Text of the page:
When you’re a world-leading manufacturer of commercial aircraft, staying one or more steps ahead of the competition is critical. And because there is no magic “crystal ball” that can predict aviation trends short- or long-term, Airbus relies on an empowered Strategy team that influences all aspects of the company and its global operations.
At the centre of this function is Dr. Kiran Rao, Airbus’ Executive Vice President Strategy and Marketing – who originally joined the company in 1992 and worked in several capacities before overseeing Strategy and Marketing in parallel. Setting out Airbus’ overall approach to preparing its future, Dr. Rao first explained why a single person is in charge of the two activities.
“To put it simply, these two departments are inextricably linked,” he said. “Marketing is about understanding how our products meet the needs of customers and Strategy is about anticipating how those needs will evolve and proposing products and services adapted to their future business environment and the world they operate in.” Dr. Rao continued: “A major product change can take five years, a completely new aircraft eight or more. And then they’ll be flying for 30 years, so we have to think ahead.”
In place of the aforementioned crystal ball is hard work. The Strategy team’s specialists identify trends by analysing the current market, macroeconomic forecasts, infrastructure development and the evolution of the original equipment manufacturer (OEM) and supplier landscape. They are closely connected to the operational teams across the company, Airbus’ global business development, and provide context and orientation to Airbus’ Research and Technology activities.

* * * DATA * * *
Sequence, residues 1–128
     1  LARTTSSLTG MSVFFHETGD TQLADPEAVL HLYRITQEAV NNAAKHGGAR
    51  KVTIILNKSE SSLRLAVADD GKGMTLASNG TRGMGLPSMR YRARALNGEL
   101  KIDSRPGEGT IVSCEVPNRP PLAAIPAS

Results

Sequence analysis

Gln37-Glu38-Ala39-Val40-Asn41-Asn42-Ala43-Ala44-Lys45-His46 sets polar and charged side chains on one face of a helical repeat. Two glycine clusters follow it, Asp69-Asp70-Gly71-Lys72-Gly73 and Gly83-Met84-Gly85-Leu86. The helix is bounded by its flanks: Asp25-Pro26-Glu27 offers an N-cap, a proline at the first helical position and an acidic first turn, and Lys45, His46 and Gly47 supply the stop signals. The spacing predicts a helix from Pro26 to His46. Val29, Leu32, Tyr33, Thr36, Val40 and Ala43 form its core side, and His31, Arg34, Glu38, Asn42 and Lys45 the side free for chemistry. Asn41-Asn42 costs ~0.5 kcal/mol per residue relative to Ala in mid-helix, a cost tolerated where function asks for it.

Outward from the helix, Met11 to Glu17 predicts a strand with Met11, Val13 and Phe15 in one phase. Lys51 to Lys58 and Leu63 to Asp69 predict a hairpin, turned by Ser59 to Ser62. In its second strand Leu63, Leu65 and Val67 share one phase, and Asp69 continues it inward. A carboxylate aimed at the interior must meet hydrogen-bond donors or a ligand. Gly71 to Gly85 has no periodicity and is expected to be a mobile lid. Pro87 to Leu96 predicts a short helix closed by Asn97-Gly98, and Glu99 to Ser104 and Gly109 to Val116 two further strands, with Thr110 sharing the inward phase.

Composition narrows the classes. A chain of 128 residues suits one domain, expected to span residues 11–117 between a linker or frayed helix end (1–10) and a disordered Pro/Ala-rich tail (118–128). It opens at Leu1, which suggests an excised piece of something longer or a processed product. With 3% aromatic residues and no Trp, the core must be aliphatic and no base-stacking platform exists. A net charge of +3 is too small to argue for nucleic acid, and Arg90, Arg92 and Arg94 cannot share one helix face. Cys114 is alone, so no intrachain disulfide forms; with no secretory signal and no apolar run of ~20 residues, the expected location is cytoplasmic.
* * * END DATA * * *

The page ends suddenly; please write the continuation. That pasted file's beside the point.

Dr. Rao added: “Although we publish the Global Market Forecast, most of our work is out of the public spotlight. We’re more visible when we successfully launch a new aircraft development – minor or major, an innovative service for our customers or a new partnership or joint venture which broadens Airbus’ global footprint. But our satisfaction comes from understanding the sensitivities behind the forecasts and business cases and the potential consequences of our actions.”
2016 weren’t easy for airlines around the globe that continue to struggle with ways of finding pilots to fill cockpit seats. 2017 is expected to be an even more pressing year, as Boeing, Airbus and other manufacturers keep accelerating their production, while the already small pool of qualified FOs and PICs grows at a significantly slower pace....
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